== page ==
Schooner Restaurant & Lounge

Lexie Fields, general manager of the Schooner Restaurant & Lounge in Netarts, Ore., pours coffee for tourists visiting the coast earlier this year.

WASHINGTON, D.C. — The National Restaurant Association has sent a letter to Congress asking for financial relief for the restaurant industry.

Foodservice industry leaders and farm groups say farmers who supplied restaurants pre-pandemic should not expect a turnaround anytime soon.

“The future remains bleak,” the restaurant association said in a statement.

Last month, the National Restaurant Association Research Group surveyed 6,000 restaurant operators and 250 supply chain businesses nationwide and found that, since March, 17% of U.S. restaurants — more than 110,000 establishments — have closed permanently or long-term.

The majority of permanently closed restaurants, the survey found, were “well-established businesses, and fixtures in their communities.” The average permanently closed restaurant had been in business 16 years, and 16% had been open at least 30 years.

Sean Kennedy, executive vice president for public affairs at the association, said in a statement most restaurants that are still open are in “economic free fall.”

Nearly 9 in 10 restaurants reported an average 36% drop in sales revenue, and more than half of supply chain companies say they expect to lay off and furlough more employees the next three months.

“We’ve seen compete shutdowns and disruptions. It seems everybody’s very much in survival mode this year,” said Laura Morgan, owner of Oregon-based food tourism company The Big Foody Tours PDX.

Vanessa Sink, spokeswoman for the National Restaurant Association, told the Capital Press her organization does not yet have extensive data for the western U.S.

Glenda Hamstreet, executive coordinator for the Oregon Restaurant and Lodging Association, similarly told the Capital Press that “real time data is difficult to garner” because of the Oregon Employment Department’s lag time in reporting.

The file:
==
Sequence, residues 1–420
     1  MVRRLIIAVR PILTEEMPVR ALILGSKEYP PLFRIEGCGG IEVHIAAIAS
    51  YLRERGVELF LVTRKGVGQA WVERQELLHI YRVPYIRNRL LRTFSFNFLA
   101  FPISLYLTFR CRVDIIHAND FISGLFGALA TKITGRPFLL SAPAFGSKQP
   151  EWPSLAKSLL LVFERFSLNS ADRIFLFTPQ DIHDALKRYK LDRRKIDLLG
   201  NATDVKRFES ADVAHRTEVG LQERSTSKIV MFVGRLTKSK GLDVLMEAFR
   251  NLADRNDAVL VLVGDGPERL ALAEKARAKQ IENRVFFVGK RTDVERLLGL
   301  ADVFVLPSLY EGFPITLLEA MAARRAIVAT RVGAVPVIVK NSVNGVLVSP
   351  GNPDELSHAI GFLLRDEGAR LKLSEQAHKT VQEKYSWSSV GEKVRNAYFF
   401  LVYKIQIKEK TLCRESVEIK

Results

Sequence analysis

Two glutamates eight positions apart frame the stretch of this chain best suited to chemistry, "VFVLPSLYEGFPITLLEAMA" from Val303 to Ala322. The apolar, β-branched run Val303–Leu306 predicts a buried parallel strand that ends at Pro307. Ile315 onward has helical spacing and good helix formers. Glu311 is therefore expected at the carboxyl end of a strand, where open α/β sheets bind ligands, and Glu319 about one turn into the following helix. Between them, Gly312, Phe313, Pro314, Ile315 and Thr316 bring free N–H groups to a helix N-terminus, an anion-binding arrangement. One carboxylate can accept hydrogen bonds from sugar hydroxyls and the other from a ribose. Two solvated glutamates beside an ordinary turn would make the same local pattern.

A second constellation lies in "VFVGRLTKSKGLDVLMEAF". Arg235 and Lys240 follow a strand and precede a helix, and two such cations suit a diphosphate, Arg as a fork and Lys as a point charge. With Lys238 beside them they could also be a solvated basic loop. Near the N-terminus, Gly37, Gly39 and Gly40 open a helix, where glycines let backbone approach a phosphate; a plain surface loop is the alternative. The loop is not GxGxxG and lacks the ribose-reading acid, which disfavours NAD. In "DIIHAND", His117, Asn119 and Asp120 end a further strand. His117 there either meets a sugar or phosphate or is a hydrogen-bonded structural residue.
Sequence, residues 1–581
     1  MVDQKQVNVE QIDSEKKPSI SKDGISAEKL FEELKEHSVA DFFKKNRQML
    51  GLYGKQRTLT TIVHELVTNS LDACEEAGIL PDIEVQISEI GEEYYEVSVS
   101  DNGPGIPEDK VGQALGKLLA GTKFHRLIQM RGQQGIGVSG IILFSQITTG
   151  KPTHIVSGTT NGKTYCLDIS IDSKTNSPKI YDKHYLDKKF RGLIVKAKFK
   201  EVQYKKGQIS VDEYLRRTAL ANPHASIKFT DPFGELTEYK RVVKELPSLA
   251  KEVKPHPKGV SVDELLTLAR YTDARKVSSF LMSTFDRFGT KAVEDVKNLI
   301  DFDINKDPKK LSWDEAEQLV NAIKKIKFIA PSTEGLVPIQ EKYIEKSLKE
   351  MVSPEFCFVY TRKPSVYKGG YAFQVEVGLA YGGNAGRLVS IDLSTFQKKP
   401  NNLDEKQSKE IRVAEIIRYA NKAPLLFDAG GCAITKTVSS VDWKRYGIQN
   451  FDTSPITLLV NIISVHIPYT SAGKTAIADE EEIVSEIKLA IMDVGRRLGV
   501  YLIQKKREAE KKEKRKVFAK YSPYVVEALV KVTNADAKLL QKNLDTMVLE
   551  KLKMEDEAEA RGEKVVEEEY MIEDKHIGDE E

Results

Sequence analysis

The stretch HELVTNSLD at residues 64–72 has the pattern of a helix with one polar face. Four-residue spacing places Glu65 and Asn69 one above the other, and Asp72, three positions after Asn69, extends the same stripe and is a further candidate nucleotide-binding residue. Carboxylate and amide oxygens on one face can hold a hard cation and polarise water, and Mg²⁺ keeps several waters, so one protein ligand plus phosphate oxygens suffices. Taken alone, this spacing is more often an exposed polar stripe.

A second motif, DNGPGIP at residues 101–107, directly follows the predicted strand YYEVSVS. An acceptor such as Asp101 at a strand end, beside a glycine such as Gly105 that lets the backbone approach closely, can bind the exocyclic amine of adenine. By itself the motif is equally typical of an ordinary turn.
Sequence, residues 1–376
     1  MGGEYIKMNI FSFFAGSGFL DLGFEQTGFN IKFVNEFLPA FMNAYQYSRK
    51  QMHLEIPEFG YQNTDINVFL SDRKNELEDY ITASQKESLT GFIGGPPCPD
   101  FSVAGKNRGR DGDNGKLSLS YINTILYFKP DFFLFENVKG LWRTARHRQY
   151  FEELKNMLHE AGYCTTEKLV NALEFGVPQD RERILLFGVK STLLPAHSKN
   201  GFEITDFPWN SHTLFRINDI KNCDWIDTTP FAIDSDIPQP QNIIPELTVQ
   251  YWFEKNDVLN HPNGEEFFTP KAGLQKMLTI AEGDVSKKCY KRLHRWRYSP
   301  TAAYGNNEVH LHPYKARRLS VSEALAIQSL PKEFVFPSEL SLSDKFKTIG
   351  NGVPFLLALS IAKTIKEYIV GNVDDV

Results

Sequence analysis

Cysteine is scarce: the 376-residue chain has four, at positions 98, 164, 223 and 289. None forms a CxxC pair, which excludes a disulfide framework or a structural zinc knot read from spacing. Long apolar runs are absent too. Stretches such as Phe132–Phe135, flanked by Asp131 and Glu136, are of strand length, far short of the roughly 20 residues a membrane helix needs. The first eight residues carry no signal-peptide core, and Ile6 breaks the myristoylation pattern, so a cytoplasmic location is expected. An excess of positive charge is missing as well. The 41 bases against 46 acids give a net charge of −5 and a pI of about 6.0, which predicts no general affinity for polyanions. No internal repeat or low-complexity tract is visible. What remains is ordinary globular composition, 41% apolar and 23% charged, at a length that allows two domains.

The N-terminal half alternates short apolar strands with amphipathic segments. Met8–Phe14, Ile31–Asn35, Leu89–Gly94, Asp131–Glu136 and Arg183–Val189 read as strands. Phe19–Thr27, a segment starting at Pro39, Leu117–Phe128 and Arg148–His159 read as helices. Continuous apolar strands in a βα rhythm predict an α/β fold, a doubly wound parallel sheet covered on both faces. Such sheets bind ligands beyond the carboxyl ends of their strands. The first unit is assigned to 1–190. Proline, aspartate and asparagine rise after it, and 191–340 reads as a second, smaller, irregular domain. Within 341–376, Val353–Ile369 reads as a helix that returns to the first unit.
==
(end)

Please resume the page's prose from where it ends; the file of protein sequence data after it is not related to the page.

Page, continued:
But experts say, anecdotally, this fall has been especially hard on the West Coast restaurant industry because the second wave of lockdowns and stay-at-home orders was accompanied by cold and rainy weather, making eating outside less desirable.

Judiaann Woo, a nationally acclaimed food professional based in Portland, told the Capital Press there were opportunities for Oregon restaurants to innovate with outdoor seating this summer, but she said attracting customers is harder in the cold season.

Industry leaders say even fewer options are available in cities or states where only takeout and delivery are permitted.

Although the full impact of stay-at-home and “freeze” orders isn’t known yet, many restaurant and winery owners in California and Oregon say they are laying off more employees this fall and buying even less food from farms.

Oregon State University small farms coordinator Heidi Noordijk told the Capital Press this fall that it’s still too early to measure the full economic impact of restaurant closures on farmers for 2020, but she said she expects more data on COVID-19’s financial impacts early 2021, along with data about how many farms have successfully pivoted.

Farm groups say growers and producers should plan to keep seeking alternative markets through the winter, including CSAs, direct-to-consumer and retail markets while many restaurant accounts remain closed or limited.

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